BF: Tell us a bit about he digital version of Commando you launched earlier this year. How’s it working out?

LAIRD: The digital Commandos can be sampled at www.commandocomics.com. We’re giving away four free ones which you can read on iPhone and iPad as well as your desktop PC. We welcome folks telling us what they think. When I last asked, we’d had well over 2000 downloads of the app you need to read them and we were slowly but steadily converting those to firm subscriptions. The launch has been successful enough for the boffins to start looking at other digital platforms and the possibility of working back into the archive. The downloads themselves are the complete 68-page book just exactly as we publish it on paper. There’s quite a lot of work to convert it to the correct format but all the work is taken from our original files.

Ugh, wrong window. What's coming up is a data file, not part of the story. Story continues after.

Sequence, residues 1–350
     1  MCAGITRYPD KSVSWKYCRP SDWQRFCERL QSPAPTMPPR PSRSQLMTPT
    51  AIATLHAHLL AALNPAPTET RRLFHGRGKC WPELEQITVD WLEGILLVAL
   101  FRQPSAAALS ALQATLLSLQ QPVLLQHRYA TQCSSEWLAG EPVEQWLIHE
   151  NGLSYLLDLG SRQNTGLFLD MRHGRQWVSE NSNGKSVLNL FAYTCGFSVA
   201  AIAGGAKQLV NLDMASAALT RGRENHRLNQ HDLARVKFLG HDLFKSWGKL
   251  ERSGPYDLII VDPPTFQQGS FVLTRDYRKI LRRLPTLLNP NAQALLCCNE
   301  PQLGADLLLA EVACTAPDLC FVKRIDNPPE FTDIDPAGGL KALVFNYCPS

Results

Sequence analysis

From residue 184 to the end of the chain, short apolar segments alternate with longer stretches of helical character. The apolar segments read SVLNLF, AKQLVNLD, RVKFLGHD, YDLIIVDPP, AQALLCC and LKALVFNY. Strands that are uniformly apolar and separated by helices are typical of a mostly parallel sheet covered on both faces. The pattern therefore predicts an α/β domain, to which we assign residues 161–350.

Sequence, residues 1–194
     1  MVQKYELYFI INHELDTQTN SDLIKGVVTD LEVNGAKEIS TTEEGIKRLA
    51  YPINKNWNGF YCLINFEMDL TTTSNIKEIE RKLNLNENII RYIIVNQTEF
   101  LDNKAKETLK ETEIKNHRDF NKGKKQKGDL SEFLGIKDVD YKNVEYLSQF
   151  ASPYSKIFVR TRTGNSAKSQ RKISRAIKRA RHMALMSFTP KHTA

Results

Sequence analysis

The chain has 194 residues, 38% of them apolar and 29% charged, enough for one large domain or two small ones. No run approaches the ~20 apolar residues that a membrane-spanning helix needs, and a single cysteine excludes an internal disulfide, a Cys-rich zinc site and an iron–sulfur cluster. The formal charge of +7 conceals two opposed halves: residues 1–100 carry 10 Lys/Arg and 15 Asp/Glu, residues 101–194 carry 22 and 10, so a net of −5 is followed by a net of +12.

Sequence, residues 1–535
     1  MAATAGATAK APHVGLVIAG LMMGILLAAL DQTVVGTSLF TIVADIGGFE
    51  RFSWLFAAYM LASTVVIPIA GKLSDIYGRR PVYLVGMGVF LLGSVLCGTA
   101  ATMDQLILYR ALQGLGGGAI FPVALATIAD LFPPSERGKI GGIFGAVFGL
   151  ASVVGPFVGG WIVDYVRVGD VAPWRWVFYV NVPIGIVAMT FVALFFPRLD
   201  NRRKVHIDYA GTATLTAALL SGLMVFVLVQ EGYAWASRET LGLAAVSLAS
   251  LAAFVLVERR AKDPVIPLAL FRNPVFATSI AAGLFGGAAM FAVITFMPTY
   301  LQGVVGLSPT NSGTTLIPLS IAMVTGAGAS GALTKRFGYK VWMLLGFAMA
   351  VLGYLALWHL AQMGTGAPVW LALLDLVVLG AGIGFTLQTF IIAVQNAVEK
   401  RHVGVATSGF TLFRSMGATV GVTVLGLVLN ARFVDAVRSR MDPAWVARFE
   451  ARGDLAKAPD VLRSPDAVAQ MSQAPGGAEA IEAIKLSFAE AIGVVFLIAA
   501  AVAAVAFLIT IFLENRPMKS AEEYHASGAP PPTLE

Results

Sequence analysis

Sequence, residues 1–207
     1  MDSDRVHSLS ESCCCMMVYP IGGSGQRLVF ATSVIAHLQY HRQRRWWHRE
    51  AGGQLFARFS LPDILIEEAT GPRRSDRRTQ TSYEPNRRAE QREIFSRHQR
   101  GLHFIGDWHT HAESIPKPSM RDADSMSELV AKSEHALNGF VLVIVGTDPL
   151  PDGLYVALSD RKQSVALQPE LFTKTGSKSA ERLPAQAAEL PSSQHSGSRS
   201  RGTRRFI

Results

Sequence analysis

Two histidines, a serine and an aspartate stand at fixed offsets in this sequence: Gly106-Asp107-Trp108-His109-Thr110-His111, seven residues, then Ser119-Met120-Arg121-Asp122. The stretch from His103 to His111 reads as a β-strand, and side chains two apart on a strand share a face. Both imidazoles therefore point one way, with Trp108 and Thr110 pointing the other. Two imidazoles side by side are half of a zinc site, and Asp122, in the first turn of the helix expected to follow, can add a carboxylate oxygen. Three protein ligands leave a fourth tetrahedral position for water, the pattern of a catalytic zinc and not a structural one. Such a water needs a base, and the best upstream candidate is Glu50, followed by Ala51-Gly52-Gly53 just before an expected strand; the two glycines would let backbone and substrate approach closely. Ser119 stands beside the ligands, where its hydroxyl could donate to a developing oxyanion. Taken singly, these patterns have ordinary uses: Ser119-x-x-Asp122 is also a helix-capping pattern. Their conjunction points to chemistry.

BF: Any future innovations we should know about?

LAIRD: I don’t know if they would count as an innovations but there’s the 50th Birthday book that I’ve mentioned and Carlton intend to produce another set of four 3-in-one story collections for 2012. We’re always looking at possible spin-offs so maybe we’ll spring a surprise at the end of this year…who knows?

BF: An unfair question I know, but if you had to pick one story by one artist from the last fifty years as your personal favourite which one would it be?

LAIRD: That would be the next one to land in the editorial in-tray.
     
BF: Dis-Miss, Commando!

Commando is published eight times a month by DC Thomson priced £1.50. For more information visit the official website here. All images above are (c) DC Thomson.

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Comments

  • Bart Croonenborghs

    Bart Croonenborghs Aug 17, 2011 at 2:42am

    an incredible feat indeed

  • Andy Oliver

    Andy Oliver Aug 17, 2011 at 9:04am

    Yes, DCand Marvel take note, 4400-plus issues and not a new #1 in sight...